Senior's Oral Health

Most seniors have lived long enough to demonstrate that we know something about maintaining our good health.  We know this to be true simply because we have become seniors.  Generally speaking, stupid people don’t have what it takes to become a senior.  OK, there are some exceptions to that rule of thumb!

Knowing that you demand the most current and accurate information possible, I have gathered the information for this article from the Mayo Clinic.

Our oral health is a window to our overall health.  Often our oral health gives clues to the condition of our bodies and can affect the rest of our bodies.  Our bodies are filled with bacteria, most of them good, but not all.  Our mouths are the entry point to our digestive and respiratory systems and some bacteria are disease causing.

Normally, our body’s natural defenses and our good oral hygiene, such as daily brushing and flossing, keep bacteria under control and we remain healthy.  But without good oral hygiene, bacteria can reach levels that can lead to oral infections like tooth decay and gum disease

Additionally, there are some medications, such as decongestants, antihistamines, painkillers, diuretics and antidepressants, that can reduce the flow of saliva.  Saliva benefits us by washing food and neutralizes acids produced by bacteria in the mouth.  This helps protect us from microbes that multiply and lead to gum disease (periodontitis).

Some diseases, such as diabetes and HIV/AIDS, can lower our body’s resistance to infection, which makes oral health issues more severe.

Oral Diseases

Various diseases and conditions that may be related to our oral health include:

Endocarditis.  An infection of our inner heart chambers or valves (endocardium) typically happens when bacteria or germs from another part of the body, such as our mouth, are transported via our bloodstream and attach themselves to certain areas of our heart.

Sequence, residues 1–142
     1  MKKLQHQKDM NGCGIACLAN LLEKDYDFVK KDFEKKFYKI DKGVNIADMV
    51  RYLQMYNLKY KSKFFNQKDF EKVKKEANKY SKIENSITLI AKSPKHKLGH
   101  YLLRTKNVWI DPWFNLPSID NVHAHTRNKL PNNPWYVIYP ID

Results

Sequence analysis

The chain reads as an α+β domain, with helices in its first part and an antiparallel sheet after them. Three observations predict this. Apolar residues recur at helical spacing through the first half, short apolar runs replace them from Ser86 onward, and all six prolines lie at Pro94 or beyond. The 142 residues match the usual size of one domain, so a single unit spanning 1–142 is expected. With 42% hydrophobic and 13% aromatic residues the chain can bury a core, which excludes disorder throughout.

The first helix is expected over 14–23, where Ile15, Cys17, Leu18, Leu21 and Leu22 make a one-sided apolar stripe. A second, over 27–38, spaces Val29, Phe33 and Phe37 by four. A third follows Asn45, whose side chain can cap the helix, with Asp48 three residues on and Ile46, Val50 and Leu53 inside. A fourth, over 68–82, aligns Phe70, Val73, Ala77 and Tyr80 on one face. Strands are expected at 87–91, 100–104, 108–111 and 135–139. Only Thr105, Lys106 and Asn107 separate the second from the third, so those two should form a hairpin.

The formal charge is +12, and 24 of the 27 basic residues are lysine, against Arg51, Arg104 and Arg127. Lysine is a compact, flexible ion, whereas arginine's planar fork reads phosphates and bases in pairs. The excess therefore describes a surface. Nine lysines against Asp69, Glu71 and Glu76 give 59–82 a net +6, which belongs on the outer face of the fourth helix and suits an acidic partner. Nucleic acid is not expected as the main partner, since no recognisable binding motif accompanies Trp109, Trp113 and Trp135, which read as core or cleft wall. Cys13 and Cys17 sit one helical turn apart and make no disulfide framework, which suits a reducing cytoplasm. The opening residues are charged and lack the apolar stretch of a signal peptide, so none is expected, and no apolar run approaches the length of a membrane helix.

Cardiovascular disease.  Some research suggests heart disease, clogged arteries and strokes can be linked to the inflammation and infections that can be caused by oral bacteria.

Pneumonia.  Certain bacteria in our mouths can be pulled into our lungs and cause pneumonia and other respiratory diseases.

Conversely, some diseases which originated in other parts of the body may negatively impact our oral health, such as:

  • Diabetes.  When our body’s resistance to infection is reduced, diabetes puts our gums at risk.  Gum disease seems to be more severe and frequent among people who have diabetes.  

Research indicates that people with gum disease find it more difficult to control their blood sugar levels.  Regular periodontal care can improve the control of diabetes.

  • HIV/AIDS.  Oral problems, like painful mucosal lesions, are common with people with HIV/AIDS.
  • Osteoporosis.  A bone-weakening disease that is linked to periodontal bone loss and tooth loss.  Some drugs used to treat osteoporosis bring a small risk of damage to the bones of the jaw.
  • Alzheimer’s disease.  As the disease progresses, worsening oral health also progresses.

About Fluoride

Now that we have considered some results of poor oral health, let’s take a look at things we can do to protect our strong oral health.  First, a word about fluoride.  Fluoride is a trace element found in fluorine and is very common in the earth’s crust.  The amount of fluoride found in fluoridated water is considered safe and beneficial for the oral health of the general public. 

Adding a small amount of fluoride to drinking water is considered safe and also beneficial to the dental health of the general public.  Fluoride strengthens tooth enamel and helps to prevent cavities, decay, and other conditions that lead to tooth loss.

About ⅔ of the water in the US is fluoridated, which has helped decrease the cavities in underprivileged populations that do not receive regular dental care.

Some people feel fluoridated water should not be forced on the population.  Others feel fluoridation is a superfluous issue because most toothpaste has a sufficient amount of fluoride in them.  Fluoride can also stain the teeth, giving them a brown color.

Overall, it is generally understood that the benefits of fluoridation largely outweigh the possible negative effects.  It has helped millions of lower-income children maintain better oral health and has reduced the number of preventable cavities

How to Protect Our Oral Health

We’ve seen some compelling reasons to protect our oral health, so let’s consider more specific ways to protect our oral health.  To do that we need to practice caring for our teeth and gums by:

  • Brushing our teeth every day using a soft-bristled brush and fluoride toothpaste.  I use an electric toothbrush because, for me, it’s faster and I think it does a better job.
  • Floss every day.  I’m too lazy and impatient to floss.
  • After brushing and flossing, use a mouthwash to remove all food particles.
  • Eat a healthy diet and limit our sugar intake.
  • Schedule regular dental checkups and cleanings
  • Avoid tobacco use.  Alcohol is no friend to our teeth either.
  • If we note any problems with our teeth or gums, contact our dentist right away.

We know some people inherit better teeth and gums than other people.  If you are one of those people, be grateful.  If you are not so lucky, it’s important that you more carefully follow the above suggestions.

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